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This article is from the Dictionary of North Carolina Biography, 6 volumes, edited by William S. Powell. Copyright ©1979-1996 by the University of North Carolina Press. Used by permission of the publisher. For personal use and not for further distribution. Please submit permission requests for other use directly to the publisher.

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Plummer, Kemp

by Daniel M. McFarland, 1994

1769–19 Jan. 1826

Illustration of Kemp Plummer, from biographical essay in the Hampden-Sydney College (Virginia)  <i>Kaleidoscope</i>, 1906, p. 41. Presented on Archive.org. Kemp Plummer, host, lawyer, and political leader, was a native of the Mobjack Bay area of Gloucester County, Va. Some sources list his birth date as 1767. His grandfather, William Plummer I, emigrated from England early in the eighteenth century and settled in Middlesex County, Va., where he married Elizabeth (Betsy) Kemp, descendant of Richard Kemp, deputy governor of Virginia for a year (1644–45). Kemp's father, William II, moved to Gloucester County and married Mary Hayes. Their children were William III, Mary, Anne, Elizabeth, Hannah (who married Nathaniel Macon in 1783), and Kemp (namesake of an uncle who had been a major in the French and Indian War). William II died in 1774, and about 1778 Mary Hayes Plummer moved her family to North Carolina.

Kemp Plummer attended Hampden-Sydney College, graduating with the first class to receive diplomas from that new school in 1786. He then read law with Chancellor George Wythe at the College of William and Mary before being licensed to join the bar in Warrenton. The 1790 census reported him in Warren, unmarried, and the owner of thirty-eight slaves. Four years later he married Susanna Martin (1776–1838), daughter of William Martin of Granville County and a granddaughter of Nicholas Long, commissary general of North Carolina during the Revolution. The young lawyer represented his county in the House of Commons the year he married, 1794.

As a lawyer Kemp Plummer practiced in all the counties surrounding Warren, becoming immensely popular with his clients and associates. He was known as "the honest lawyer." His singing and story-telling abilities, his generosity, and his convivial disposition attracted all classes. The hospitality of the Plummer home drew friends from far and wide; the dinner parties and balls were legendary in the upper Roanoke area. By 1815 Plummer had become a dominant spirit in the "Warren Junto," the close-knit collection of politicians who lived in and around Warrenton. Nathaniel Macon, James Turner, Weldon Edwards, William Hawkins, and William Miller were a few of the luminaries of the group. Together they dominated the political life of North Carolina during the era of the Virginia Dynasty.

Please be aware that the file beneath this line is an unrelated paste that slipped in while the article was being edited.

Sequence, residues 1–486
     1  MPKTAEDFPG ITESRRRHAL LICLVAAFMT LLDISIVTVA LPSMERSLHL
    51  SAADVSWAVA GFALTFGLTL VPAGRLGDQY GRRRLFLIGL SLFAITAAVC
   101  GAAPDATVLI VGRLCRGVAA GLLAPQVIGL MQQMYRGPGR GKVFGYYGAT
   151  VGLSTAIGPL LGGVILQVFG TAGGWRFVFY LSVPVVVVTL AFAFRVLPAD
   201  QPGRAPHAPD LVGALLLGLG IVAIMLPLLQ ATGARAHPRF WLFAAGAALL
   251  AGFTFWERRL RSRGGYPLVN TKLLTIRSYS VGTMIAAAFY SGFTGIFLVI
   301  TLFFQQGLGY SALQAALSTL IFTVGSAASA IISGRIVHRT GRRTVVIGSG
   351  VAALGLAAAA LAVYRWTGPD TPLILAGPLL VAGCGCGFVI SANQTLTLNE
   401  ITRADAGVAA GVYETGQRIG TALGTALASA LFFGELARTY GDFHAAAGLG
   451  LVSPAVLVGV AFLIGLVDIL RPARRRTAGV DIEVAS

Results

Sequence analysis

In the decade after the War of 1812 Kemp Plummer reached the threshold of great power. He represented Warren in the state Senate in 1815 and 1816. In Raleigh he became chairman of James Monroe's campaign organization in North Carolina. After Monroe's election, he was dispenser of Republican patronage in the state. He was a leader in Masonic and Episcopal affairs. In 1817 he was appointed a trustee of The University of North Carolina, a prestigious position he held for the rest of his life. His friends were the dominant group in the General Assembly. In 1820 they offered Plummer the governorship, but Kemp Plummer's large family and style of living made it impossible for him to accept the honor. His livelihood depended on his legal practice, and he could not afford a move to Raleigh and the governor's mansion.

Kemp and Susanna Plummer had a large family. Among the children were Anne, Mary, Henry, William, Austin, Bettie, Lucy, Kemp, Alfred, Susanna, and Thomas. One of their most illustrious grandchildren was Kemp Plummer Battle, president of The University of North Carolina (1876–91). Kemp, Sr., developed gout in his middle fifties and died soon afterwards. The Warrenton Republican mourned, "He was the glory of our little world, the pride of the village." Susanna lived on twelve more years. Three years after her death the citizens of Warrenton purchased the old Plummer home for the Warrenton Female College.

References:

Kemp P. Battle, "Kemp Plummer," Hampden-Sydney Kaleidoscope (1900), and Memories of an Old Time Tar Heel (1945).

J. B. Boddie, Southside Virginia Families, vol. 1 (1966).

J. G. de Roulhac Hamilton, Papers of Thomas Ruffin, vol. 1 (1920). https://archive.org/details/cu31924092218571 (accesse July 21, 2014).

L. W. Montgomery, Sketches of Old Warrenton (1924).

Raleigh Register and North Carolina Gazette, 27 Jan. 1826.

L. G. Tyler, Encyclopedia of Virginia Biography, vol. 4 (1915). https://archive.org/details/encyclopediaofvi04tyleuoft (accessed July 21, 2014).

F. A. Virkus, ed., Compendium of American Genealogy, vol. 7 (1942).

Additional Resources:

Hampden-Sydney College. Kaleidoscope. Hampden-Sydney College. 1900. https://archive.org/details/kaleidoscope1900hamp (accessed July 21, 2014).

Image Credits:

Hampden-Sydney College. Kaleidoscope. Hampden-Sydney College. 1900. https://archive.org/details/kaleidoscope1900hamp (accessed July 21, 2014).

 

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